Why social workers should not try to become big?

From the little efforts I have made or have seen people make make in the direction of social work in India, I am firmly convinced that these efforts should remain small and conentrate the specific location or area of work they have chosen. The most important reason for this is that trying to become big takes away the focus from the actual work and a lot of time, energy and resources are wastes in managing the group instead. Yeah, I am ruling out even the several groups joining hands together and coming at one platform etc.

Where are the time and resources wasted? Firstly, there are well acknowledged issues of managing a big group, not just in case of social work, but almost anywhere. If it’s a large group, there have to common norms, practices and monitoring on the use of resrouces. A big waste!

But even more important is the ideological clashes. Often people trying to get involved in these things have their own ideologies about how the world should be. Through their work they would like to push the world in that direction. Someone might be more aggressive about his/her ideaology, someone might be less so. However, in a big group, clashes are bound to happen. And most of the time there is no objective way to determine what is right and what is wrong. It is mostly the question of subjective perception. And neither can the intentions of any of the sides be questioned. All of them are trying to do some good. More important in such cases is to get some action, rather than wasting time, efforts and resources on resolving these clashes and even arriving at a compromise. Compromise is not a solution in a field where one has to depend on individual’s motivation alone. Once forced into a compromise, a large number of people tend to lose motivation. And one has te be careful in defining the scope of ideology too. At a broader level people who might appear of have similar ideologies might be poles apart in what the operation of those ideologies mean for them. And once again, for most part there won’t be a balck and while this-is-right-that-is-wrong kind of answer.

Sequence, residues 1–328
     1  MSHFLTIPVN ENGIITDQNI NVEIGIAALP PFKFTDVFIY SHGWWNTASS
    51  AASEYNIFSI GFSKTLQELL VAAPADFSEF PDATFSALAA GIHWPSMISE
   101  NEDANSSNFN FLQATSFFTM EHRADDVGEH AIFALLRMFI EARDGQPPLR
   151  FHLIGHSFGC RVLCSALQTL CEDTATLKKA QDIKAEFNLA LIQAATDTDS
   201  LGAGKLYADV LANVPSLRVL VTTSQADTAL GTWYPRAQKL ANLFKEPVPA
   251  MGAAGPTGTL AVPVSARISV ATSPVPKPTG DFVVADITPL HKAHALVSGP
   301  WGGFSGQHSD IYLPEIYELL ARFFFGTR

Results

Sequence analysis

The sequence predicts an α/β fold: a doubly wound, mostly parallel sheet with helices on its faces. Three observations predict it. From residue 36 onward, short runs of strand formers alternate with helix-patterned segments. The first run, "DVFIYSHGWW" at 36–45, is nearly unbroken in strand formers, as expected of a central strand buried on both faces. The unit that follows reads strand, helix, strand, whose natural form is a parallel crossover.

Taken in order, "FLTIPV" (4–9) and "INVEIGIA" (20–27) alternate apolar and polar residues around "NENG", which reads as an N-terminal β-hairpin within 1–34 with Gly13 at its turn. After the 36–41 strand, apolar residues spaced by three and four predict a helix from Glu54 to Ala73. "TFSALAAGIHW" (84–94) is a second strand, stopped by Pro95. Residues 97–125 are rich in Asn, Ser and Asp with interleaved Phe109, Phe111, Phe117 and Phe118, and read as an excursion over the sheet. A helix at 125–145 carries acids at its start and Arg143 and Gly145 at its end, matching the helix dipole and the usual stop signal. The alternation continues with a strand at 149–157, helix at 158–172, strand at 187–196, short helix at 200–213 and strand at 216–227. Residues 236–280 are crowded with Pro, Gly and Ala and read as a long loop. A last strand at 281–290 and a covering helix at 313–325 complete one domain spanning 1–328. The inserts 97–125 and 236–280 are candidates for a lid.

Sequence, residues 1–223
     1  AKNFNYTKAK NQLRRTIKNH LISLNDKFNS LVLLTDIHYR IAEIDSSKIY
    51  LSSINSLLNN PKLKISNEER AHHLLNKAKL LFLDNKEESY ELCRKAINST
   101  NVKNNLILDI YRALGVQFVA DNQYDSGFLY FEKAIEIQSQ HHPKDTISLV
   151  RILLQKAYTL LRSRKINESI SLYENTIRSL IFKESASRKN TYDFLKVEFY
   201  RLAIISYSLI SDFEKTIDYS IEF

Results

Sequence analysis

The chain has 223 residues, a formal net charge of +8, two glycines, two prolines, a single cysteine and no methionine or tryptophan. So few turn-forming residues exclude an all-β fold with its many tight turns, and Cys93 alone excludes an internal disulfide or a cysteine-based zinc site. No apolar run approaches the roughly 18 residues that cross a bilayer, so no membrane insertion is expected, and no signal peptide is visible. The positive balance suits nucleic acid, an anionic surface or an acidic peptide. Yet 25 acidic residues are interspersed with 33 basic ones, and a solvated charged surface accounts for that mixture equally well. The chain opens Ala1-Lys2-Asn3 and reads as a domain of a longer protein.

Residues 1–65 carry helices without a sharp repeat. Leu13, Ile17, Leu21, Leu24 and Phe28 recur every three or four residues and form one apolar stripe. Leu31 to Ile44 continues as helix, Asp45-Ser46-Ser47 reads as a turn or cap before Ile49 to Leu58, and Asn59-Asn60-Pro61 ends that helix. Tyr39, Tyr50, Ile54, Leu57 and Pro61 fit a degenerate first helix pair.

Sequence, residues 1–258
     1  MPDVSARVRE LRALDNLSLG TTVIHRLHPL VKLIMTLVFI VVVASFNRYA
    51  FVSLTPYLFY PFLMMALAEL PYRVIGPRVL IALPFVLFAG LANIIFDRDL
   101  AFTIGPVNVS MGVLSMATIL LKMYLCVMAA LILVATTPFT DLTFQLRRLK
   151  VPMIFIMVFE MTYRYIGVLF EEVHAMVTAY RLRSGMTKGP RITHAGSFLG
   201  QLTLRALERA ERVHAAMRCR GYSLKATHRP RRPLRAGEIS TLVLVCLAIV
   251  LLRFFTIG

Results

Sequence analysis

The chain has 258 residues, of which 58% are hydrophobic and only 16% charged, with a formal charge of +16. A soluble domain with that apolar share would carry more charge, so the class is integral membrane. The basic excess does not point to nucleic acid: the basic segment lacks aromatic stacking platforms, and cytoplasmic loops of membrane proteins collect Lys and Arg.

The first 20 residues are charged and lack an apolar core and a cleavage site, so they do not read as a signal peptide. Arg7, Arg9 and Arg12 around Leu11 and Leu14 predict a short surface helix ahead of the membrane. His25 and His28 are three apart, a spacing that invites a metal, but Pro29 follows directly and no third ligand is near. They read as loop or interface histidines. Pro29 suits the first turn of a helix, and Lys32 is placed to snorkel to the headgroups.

Hence, it’s always better to work with small set of people, personally involved in the work, whose ideologies incorporate minimal normative values, or whose ideologies match with each other. It is only if you decide to remain small would it be possible to identiy the people with matching ideolgies too. And yes! there is no reason to believe that large organizations are the ones which will make real impact. Small ones can do much more, even if they get unnoticed. But the assumption is that the purpose is not to get noticed.

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About Jaya

Jaya Jha is an entrepreneur, a techie, a writer and a poet. She was born and brought up in various towns of Bihar and Jharkhand. A graduate of IIT Kanpur and IIM Lucknow, she realized early on that the corporate world was not her cup of tea. In 2008, she started Pothi.com, one of the first print-on-demand publishing platform in India. She currently lives in Bangalore and divides her time between writing and working on her company's latest product InstaScribe (http://instascribe.com) with a vision to make it the best e-book creation tool. Blog: https://jayajha.wordpress.com Twitter: @jayajha Facebook: http://facebook.com/MovingOnTheBook

4 thoughts on “Why social workers should not try to become big?

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  2. In some cases atleast, aren’t the wastes due to size compensated by the benefits from scale?
    And if there are determined individuals with different ideologies trying to achieve the same-end, will disallowing them from being a part of the same organisation really make a difference?
    Won’t a duel between individuals get transformed into a duel between organisations?

  3. Benefits of scale is precisely what people seek when they try to become big. I am expressing my choice here. Of course, a matter of individual opinion and (even if very limited) experience.

    People with different ideologies may continue working on their own. Only if they make the same area as their forte, would such a clash arise. There are enough opporutnity for people to keep working separately. Bringing them together produces a clash, even when the area (geographically or otherwise) of work is not the same.

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